Return to Appalachia: August 15, 2016

by Harry Winter, OMI

With an entirely new roof, new tower and cross, new ceiling, repainted stencils–St. John’s Chapel, Sweet Springs, WV was filled to its capacity of 130 laity, one deacon, six priests and one server for Mass at 6 pm on the Feast of the Assumption, Aug. 15, 2016. This oldest church in the Alleghany Mountains continues to demonstrate that a county without permanent presence of a priest or nun can present the Catholic faith.

We celebrated even more than two years ago (see, Return to Appalachia, Aug. 15, 2014) the pioneer Catholic feminist Letitia Preston Floyd (1779-1852). Historian Dr. Jim Glanville took my 1990 article on her, and edited it, submitting it to the history journal The Smithfield Review  and it was published in their 2015 issue (Click here). In that same issue, he himself co-authored with Ryan Mays “A Sketch of Letitia Preston Floyd and Some of Her Letters” (Click here) (19:77-120) and by himself “Governor John Floyd, Letitia Preston Floyd and the Catholic Church” (19:121-36): (Click here).  As he did in 2014, former Episcopalian priest and now RC priest Jim Conyers asked me to preach the homily, and LP Floyd was a major part of it: (Click here).


(L-R) Paul Carter, Dr. Jim Glanville, Richard Carter, Fr. Harry Winter, OMI

Dr. Glanville has found the famous 1852 letter of Letitia’s son, Benjamin Rush Floyd, defending his right as a Catholic to run for public office in Virginia, when  a politician told him that Catholics were unfit for public office:  (Click here).

Dr. Glanville and I began in Blacksburg, VA, on Saturday, Aug. 13, publicizing Letitia Floyd in two ways.  First was a meet and greet luncheon at Smithfield Plantation, where Mrs. Floyd was born and raised. Ten people very interested in Mrs. Floyd joined us for the lunch furnished by Dr. Glanville.  At 4 pm, 10 people came to the Alexander Black House for our presentation on her.  Dr. Peter Wallenstein, professor of history at Virginia Tech University, attended the luncheon, and we will see him below for his great interest in a marker to two slaves, in the Lewis Family Cemetery in Sweet Springs. For the importance of this cemetery, and the Catholic cemetery adjoining, see Dr. Glanville’s remarkable website, and its table of Contents.

The last direct descendant of Gov. and Mrs. Floyd to live on the property, Lynn Spellman, died on May 15. She owned St. John’s Chapel until 1977, when she asked the surprised bishop of Wheeling, Joseph Hodges, what he wanted done with it, since it had been unused for almost 20 years.  He asked her for it, and she immediately gave it to him, and with the bishop’s encouragement, Fr. Jim MacGee, OMI, supervised its renovation.  Mass was celebrated every Saturday evening until about 1984.

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Enjoying the ice cream social after mass are: (L-R) Fr. Harry Winter, OMI, Toni Ogden, Vice-president, Monroe County Historical Society, April Danner, Director of Smithfield Plantation, Lauren Souther, Intern, Monroe County Historical Society, and Dr. Ron Ripley, Chairman, Monroe County Historical Society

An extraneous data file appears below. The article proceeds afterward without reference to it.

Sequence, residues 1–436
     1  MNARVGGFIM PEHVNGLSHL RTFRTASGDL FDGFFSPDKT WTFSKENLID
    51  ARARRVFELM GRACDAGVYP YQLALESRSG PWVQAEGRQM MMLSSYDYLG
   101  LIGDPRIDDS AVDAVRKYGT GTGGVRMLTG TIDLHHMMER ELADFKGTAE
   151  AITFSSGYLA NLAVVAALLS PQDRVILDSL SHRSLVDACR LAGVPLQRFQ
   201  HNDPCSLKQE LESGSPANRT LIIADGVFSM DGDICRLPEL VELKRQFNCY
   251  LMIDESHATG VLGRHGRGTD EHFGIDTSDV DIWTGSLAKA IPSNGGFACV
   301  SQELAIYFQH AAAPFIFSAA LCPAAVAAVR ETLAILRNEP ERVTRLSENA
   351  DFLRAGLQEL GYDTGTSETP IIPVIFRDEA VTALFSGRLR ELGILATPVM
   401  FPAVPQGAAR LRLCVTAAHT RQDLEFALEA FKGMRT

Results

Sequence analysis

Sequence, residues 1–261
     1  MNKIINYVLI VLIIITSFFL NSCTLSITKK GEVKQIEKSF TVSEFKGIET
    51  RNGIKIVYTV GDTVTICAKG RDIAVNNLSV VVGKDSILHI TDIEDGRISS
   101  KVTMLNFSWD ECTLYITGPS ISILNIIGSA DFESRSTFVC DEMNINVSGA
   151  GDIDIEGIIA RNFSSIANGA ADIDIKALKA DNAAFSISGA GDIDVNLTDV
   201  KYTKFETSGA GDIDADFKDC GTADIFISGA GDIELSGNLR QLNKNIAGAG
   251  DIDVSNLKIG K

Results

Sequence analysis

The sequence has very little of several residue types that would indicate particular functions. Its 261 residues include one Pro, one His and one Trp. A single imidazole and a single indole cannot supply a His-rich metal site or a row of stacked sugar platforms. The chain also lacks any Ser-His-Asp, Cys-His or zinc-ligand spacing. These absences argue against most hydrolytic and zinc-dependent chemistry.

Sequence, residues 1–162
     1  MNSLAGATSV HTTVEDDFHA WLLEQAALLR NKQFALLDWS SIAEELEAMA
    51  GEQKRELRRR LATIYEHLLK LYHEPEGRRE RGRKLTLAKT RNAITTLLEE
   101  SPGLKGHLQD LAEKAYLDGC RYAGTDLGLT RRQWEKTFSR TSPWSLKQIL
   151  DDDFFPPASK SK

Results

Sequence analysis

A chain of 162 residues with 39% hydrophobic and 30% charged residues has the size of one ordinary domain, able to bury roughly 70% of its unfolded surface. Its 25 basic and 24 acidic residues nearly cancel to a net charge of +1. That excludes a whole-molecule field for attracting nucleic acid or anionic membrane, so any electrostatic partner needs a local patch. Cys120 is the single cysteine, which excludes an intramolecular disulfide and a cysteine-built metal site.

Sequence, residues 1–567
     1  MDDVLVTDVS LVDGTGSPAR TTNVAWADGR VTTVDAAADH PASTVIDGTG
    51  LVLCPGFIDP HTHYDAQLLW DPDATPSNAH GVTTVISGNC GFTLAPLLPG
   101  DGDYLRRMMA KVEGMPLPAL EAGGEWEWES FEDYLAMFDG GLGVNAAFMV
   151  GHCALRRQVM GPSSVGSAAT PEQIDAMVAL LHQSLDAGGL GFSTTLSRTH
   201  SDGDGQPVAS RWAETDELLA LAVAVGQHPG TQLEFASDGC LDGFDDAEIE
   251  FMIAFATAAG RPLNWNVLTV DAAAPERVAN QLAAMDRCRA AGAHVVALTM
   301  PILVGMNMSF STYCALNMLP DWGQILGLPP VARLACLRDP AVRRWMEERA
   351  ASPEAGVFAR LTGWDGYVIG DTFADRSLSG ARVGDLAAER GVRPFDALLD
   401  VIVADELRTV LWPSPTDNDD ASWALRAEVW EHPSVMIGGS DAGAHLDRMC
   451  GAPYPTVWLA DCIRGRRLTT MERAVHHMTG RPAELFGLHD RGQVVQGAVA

Now Bishop Michael Bransfield only allows Mass in the county once a year. Mrs. Spellman sold the family plantation across the road, to a German-American developer, Roland Oelschlager, who discourages access to the historic cemeteries because of liability issues.  Fortunately, the two local brothers who supervise the opening of the locked gate came to the ice cream social after the Mass.  They gladly took Dr. Glanville, April Danner, Director of Smithfield, and myself up to the cemeteries.  Mrs. Danner wanted to see the graves of Governor John Floyd and Letitia Preston Floyd. Dr. Glanville and I wanted to pay our respects at Lynn Spellman’s grave.  He  also wanted  very much to photograph the remarkable slate brown three foot monument “Faithful Slaves–Tom & Dinah–A.D. 1800,” which is less than ten feet from the graves of their owners, William Lewis and his wife, Ann Montgomery (Click here).  He is sure that Dr. Wallenstein will visit this marker. (Wallenstein has won many awards for his specializations in race, civil rights, and Virginia history).  Glanville believes there are only a handful of such monuments in the entire country.

Monroe County’s population is increasing yearly.  Those attending the Aug. 15 Mass are grateful for the opportunity to celebrate Mass in the beautiful Sweet Springs Valley.  About 15 more of the Oblate Associates/St. Eugene Patron of Dysfunctional Families folders were distributed, as was done 2 years ago.

However, the Catholics of Monroe County  are also torn by the neglect of the diocese, with no Mass close by for the rest of the year.